Egypt’s Elections: Why the Islamists Won
April 6, 2012
When asked on January 30, 2011, about the Muslim Brotherhood’s role in post–Arab Spring Egypt, the man seen by the media as a leading figure in the uprising, Mohamed ElBaradei, brushed aside Western fears: “They are not a majority of the Egyptian people. They will not be more than maybe twenty percent of the Egyptian people.” For ElBaradei, Western fears of the Islamists dominating the Egyptian future were “a myth that was sold by the Mubarak regime.” Nor was the former IAEA chief and Egyptian presidential hopeful alone in his insistence that the Muslim Brotherhood was only a harmless minority. President Obama agreed: “I think they’re one faction in Egypt. They don’t have majority support in Egypt.”
The nearly unanimous consensus among both the Egyptian political class and the Washington experts was that the Islamists were only a scarecrow used by Mubarak to frighten the West. The Muslim Brotherhood, according to this view, counted no more than one hundred thousand adherents out of a population of more than eighty million. And its failure to support the initial uprising in Cairo on January 25th made the group marginal to the current Arab revolt. Early warnings of a Muslim Brotherhood takeover of Egypt were dubbed “hysteria.” Yes, the Islamists were in the background of Tahrir Square, but they were weaker than people assumed. This was a liberal revolution led by tech-savvy youth, and the future of Egypt was a bright one.
Ten months later, after Islamists won seventy-two percent of the seats in the Egyptian Parliament, that optimistic avoidance of reality seems hard to fathom. Those who had been blithely confident of the future admitted that they never expected this result. Some professed never to have heard of the Salafists, although the party won more than a quarter of the votes. Shock and surprise, both in Cairo and Washington, soon gave way to a desperate effort to explain why the Islamists won and why the consequences of their victory might not be as disastrous as it seemed. Unfortunately, the explanations offered have created less rather than more clarity about the present situation in Egypt.
In the aftermath of the first round of voting, some immediately argued that the Islamist victory had been heavily financed by both Qatar and Saudi Arabia. Egyptian non-Islamists, fond of blaming everyone but themselves for their failures, were the main propagators of this argument. The fact that Egypt’s richest man stood behind the main non-Islamist party, and spent millions backing it, was irrelevant to them.
News stories have been published with claims that donations from the Gulf were sent to organizations devoted to Islamic teaching and preaching, and accusations have been made that some of this money might have been used in political campaigns. But while spending on Islamic teaching in general may create a favorable personality for Islamist parties, in fact, there has been no serious evidence that Gulf money flowed heavily into the Islamists’ political campaign.
Another explanation was a complaint in disguise: that elections were held too soon. Because the Islamists were better organized, a short time line was in their favor. Some argued that the Muslim Brotherhood, which has been around for more than eight decades, was better positioned than the newly established parties to compete, with its extensive organization unrivaled in its efficiency. In fact, while the MB has a long history, this vaunted organization is quite new, having been reestablished from scratch in the 1970s. Furthermore, the Salafists, who were the Brotherhood’s main competitor, are as new to the political scene as the non-Islamist “democrats.” If superior organization explains the MB’s thirty-six percent share of the vote, what explains the twenty-seven percent won by the Salafists’ al-Nour party? Not only is the party new, but it does not even have a unified structure.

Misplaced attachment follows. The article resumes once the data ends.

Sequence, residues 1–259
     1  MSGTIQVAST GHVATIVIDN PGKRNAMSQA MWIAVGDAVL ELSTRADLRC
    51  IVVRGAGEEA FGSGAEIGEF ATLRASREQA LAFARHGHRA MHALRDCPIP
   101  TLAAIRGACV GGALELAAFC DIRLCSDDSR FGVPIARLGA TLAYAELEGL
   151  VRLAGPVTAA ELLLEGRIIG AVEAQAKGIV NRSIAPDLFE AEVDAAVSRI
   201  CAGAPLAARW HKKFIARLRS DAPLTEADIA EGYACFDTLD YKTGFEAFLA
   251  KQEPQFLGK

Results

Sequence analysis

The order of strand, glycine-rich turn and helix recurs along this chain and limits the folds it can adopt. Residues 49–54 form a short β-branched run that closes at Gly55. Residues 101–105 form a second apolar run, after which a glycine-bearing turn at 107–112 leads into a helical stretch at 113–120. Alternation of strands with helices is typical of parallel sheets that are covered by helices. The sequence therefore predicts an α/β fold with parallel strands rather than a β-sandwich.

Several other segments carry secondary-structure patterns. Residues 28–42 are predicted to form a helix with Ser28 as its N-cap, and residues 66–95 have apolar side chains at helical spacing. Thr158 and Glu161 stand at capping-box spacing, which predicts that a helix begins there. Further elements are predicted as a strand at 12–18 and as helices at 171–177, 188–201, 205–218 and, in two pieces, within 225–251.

There were also conspiracy theories proposed mainly by some Egyptian non-Islamists, who, unable to justify their failure, resorted to accusations of election fraud. Tied to this argument was the insistence that the military was secretly backing the Islamists. (Some of these conspiracy theorists accused the ruling military council of backing the group to scare the West; others accused it of rigging the elections in favor of the Salafists to weaken the Brotherhood.) But while the elections were chaotic and disorganized, no convincing evidence was ever adduced to prove that this hectic electoral atmosphere favored one particular party over the others. Forged ballots in favor of the Salafists were discovered in a polling station, but so were others found in favor of the MB, the Wafd, the Egyptian Bloc, and numerous former National Democratic Party candidates.
Next was the argument of illiteracy. Egyptians, it was claimed by the non-Islamist elite, are ignorant and illiterate people who were led like sheep by the Islamists. But this elite has always bemoaned its fate of having to live in the same country as those ignorant Egyptians. And the elitism of this elite reflects poorly on their idea of democracy. (Edmund Burke famously reflected on their equivalent during the time of the French Revolution: “You will smile here at the consistency of those democratists who, when they are not on their guard, treat the humbler part of the community with the greatest contempt, whilst, at the same time, they pretend to make them the depositories of all power.”) If it was illiterate Egyptians who carried the day for the Islamists, how to understand the fact that the Islamists won every district in the country, including cosmopolitan Cairo?
The final explanation offered by the Egyptian non-Islamists for their failure was that their votes had been spread among several competing parties. But Egypt’s electoral system actually benefits smaller parties. Had the non-Islamists gathered in one unified list, they would have gained fewer seats than they did. Furthermore, whatever their own results, this amalgamation would not have affected the Islamists’ percentage.